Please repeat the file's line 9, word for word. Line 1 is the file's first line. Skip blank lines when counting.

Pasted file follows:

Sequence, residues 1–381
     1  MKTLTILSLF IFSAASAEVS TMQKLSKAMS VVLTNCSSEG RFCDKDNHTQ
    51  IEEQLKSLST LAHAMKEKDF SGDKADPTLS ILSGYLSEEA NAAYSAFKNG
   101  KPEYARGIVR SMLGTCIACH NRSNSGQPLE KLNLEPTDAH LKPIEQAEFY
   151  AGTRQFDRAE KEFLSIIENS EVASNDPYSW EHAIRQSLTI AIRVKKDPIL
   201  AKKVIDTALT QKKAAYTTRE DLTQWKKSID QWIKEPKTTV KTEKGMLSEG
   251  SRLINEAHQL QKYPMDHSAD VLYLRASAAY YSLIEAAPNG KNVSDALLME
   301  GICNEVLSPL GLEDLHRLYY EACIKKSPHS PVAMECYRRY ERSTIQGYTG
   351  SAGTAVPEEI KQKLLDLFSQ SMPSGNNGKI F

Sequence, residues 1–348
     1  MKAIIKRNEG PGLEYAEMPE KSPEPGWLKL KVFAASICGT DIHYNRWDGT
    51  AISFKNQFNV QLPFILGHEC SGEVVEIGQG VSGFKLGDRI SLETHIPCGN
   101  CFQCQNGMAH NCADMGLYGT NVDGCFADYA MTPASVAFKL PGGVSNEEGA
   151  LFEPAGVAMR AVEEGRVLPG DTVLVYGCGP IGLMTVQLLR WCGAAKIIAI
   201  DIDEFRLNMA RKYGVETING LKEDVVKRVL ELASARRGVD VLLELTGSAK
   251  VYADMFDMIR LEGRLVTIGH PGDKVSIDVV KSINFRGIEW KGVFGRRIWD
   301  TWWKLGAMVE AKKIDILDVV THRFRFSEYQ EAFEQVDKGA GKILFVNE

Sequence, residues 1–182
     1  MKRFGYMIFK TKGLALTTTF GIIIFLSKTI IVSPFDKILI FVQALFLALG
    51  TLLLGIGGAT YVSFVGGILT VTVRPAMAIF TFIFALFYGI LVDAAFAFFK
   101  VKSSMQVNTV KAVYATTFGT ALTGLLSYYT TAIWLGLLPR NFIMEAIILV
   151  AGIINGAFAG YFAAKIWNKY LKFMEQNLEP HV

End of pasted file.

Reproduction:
   351  SAGTAVPEEI KQKLLDLFSQ SMPSGNNGKI F